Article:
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Fashion meets art: Jonathan Saunders inspired by Anthony Caro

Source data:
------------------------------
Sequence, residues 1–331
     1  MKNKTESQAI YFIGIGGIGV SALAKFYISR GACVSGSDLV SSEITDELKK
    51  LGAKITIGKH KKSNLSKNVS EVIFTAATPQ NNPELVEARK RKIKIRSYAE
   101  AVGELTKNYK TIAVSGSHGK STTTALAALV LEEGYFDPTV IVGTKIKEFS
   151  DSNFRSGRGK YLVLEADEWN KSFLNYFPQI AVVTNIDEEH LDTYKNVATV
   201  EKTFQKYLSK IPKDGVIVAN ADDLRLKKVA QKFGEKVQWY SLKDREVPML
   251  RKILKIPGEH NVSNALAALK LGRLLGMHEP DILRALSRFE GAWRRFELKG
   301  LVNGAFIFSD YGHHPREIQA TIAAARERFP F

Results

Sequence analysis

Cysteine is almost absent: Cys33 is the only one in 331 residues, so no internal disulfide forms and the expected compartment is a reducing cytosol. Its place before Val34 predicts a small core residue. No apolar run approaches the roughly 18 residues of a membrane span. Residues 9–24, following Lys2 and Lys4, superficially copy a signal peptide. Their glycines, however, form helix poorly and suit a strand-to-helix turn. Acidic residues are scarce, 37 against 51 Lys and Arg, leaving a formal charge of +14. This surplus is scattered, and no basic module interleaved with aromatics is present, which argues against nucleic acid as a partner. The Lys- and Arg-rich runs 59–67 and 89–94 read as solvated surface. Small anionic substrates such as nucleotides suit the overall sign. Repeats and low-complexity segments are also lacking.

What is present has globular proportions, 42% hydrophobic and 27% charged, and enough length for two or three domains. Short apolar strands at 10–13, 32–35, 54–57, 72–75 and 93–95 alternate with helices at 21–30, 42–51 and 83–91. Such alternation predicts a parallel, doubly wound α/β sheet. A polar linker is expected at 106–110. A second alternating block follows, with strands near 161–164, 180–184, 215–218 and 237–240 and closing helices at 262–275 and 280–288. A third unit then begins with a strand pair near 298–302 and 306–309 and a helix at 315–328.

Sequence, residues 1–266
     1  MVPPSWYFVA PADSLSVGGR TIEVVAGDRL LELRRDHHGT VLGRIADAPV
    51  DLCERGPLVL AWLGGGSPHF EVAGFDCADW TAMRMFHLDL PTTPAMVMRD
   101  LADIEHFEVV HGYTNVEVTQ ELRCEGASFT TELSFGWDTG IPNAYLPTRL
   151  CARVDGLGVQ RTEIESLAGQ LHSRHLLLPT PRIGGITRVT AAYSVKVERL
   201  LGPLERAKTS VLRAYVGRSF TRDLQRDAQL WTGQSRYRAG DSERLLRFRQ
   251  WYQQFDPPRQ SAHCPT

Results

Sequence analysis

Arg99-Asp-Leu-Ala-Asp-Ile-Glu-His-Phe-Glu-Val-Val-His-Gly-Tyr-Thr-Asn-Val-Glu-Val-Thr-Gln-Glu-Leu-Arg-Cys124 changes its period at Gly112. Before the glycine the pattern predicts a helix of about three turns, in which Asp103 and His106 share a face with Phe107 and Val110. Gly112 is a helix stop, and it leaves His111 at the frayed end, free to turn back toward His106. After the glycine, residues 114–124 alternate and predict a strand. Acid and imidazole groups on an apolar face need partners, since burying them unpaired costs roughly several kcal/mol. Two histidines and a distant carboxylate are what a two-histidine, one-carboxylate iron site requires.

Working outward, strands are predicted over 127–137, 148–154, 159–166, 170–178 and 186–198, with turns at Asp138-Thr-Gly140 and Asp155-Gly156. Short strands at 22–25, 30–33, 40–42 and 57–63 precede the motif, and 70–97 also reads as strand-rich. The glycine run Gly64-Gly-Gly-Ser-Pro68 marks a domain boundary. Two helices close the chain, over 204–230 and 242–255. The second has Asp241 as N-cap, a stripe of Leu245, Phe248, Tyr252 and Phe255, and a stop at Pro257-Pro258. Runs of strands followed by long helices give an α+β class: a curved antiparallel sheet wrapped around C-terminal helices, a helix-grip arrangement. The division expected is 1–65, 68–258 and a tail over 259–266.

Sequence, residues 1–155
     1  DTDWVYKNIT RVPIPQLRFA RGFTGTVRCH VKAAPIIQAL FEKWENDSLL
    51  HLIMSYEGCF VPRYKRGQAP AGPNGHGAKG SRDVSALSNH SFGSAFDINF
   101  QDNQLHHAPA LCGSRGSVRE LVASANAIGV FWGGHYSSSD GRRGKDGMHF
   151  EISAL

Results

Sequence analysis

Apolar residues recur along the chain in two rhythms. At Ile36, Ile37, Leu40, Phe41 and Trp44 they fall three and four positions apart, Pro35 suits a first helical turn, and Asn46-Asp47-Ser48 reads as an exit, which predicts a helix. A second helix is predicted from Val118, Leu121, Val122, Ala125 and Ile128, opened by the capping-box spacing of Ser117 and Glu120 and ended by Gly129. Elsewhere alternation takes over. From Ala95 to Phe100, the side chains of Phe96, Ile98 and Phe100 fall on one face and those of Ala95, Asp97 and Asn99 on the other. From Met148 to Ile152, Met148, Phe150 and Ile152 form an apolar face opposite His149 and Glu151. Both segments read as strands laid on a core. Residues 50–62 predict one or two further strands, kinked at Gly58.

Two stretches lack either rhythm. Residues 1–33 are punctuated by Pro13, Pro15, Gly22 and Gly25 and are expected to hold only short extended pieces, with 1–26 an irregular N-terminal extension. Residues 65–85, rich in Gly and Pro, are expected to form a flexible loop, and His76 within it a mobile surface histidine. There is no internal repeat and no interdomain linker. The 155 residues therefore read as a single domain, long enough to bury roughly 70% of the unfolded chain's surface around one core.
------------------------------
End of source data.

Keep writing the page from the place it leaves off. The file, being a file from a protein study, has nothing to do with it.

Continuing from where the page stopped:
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Caro, as a sculptor, was so hands on with what he did. Anybody that is so manual with what they do, and physical, is an inspiration to me. When I first saw a lot of the work that he had done what struck me about him was his use of materials, firstly, the use of colour. This piece in particular, I think the scale of it, and the way that it almost looks like an abstract life drawing shows how you can use graphic shapes in conjunction with a body, for example and frame the body with how you make a garment, can be seen in the same way. Positioning of a print design on a three-dimensional form is why I find sculpture so easy to relate to because you’re taking something that is a balance of colour, you’re taking something that is quite flat and you’re putting it on somebody and then having to wear it. And it’s automatically, it becomes a very different thing. You can imagine him as an artist, you know, the physical work that was involved in making what he did which are unexpected and strange and mix something that feels quite man-made with something that feels quite inspired by nature. Although this is a very heavy object, I think that the balance of it and how it does feel almost that you could pick it up with your two fingers sometimes I think that that’s an amazing achievement and could connect quite directly with what I’m working on at the moment. And you can see here how, like, what I thought was really interesting about these particular Caro sculptures for example, with how something can be made of industrial materials, but there’s an ergonomic quality to it. Like an example here: you can see the combination of materials and the juxtaposition of two different feelings of texture you know, a traditional floral embroidered on tulle, it’s something that, kind of, signifies antiquity but then we have a panel of, kind of, PVC artificial plastic sewn in. This season of my spring/summer 14 collection is particularly relevant in terms of gaining inspiration from the Tate Britain, in that I’m showing there for the first time and I think for me to show in that space is so exciting and every time I walk into it, I think not only is the work within the Tate Britain an inspiration but the actual space itself. A fashion designer’s career these days is looking so fast everything is about change, and I always jump at the chance to be able to escape a little bit and come to the Tate Britain to look at work that doesn’t have that, kind of, sense of immediacy and that everything has to be done last week.